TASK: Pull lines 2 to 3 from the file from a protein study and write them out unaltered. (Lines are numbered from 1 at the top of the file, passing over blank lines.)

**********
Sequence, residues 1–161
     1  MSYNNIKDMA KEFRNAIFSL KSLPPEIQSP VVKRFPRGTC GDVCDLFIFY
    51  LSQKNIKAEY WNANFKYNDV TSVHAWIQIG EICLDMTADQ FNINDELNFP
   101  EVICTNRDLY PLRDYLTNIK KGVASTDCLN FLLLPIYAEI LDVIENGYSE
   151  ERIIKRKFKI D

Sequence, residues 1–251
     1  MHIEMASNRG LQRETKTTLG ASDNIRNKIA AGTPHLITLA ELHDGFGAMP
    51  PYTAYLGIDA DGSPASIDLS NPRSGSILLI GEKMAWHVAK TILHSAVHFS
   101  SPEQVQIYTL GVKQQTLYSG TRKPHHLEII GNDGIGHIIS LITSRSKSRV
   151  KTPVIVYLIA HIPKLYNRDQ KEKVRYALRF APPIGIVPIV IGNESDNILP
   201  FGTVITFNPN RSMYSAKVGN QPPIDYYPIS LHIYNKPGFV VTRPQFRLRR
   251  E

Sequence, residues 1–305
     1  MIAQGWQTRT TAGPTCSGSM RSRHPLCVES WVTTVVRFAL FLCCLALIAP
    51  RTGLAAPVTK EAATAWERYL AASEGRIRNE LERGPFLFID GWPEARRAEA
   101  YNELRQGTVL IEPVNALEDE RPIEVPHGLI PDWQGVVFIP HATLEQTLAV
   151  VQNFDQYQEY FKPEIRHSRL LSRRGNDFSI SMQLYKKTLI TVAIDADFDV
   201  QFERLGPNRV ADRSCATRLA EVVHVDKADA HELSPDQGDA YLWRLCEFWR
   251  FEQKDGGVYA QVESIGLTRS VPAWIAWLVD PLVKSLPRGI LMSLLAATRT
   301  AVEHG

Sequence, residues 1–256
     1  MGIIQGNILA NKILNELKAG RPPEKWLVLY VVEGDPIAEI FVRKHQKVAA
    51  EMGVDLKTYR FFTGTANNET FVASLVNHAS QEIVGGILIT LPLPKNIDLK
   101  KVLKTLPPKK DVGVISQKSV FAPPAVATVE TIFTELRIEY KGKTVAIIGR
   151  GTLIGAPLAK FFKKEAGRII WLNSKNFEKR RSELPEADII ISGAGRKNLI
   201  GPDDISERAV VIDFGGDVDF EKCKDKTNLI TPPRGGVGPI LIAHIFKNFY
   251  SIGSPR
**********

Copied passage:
     1  MSYNNIKDMA KEFRNAIFSL KSLPPEIQSP VVKRFPRGTC GDVCDLFIFY
    51  LSQKNIKAEY WNANFKYNDV TSVHAWIQIG EICLDMTADQ FNINDELNFP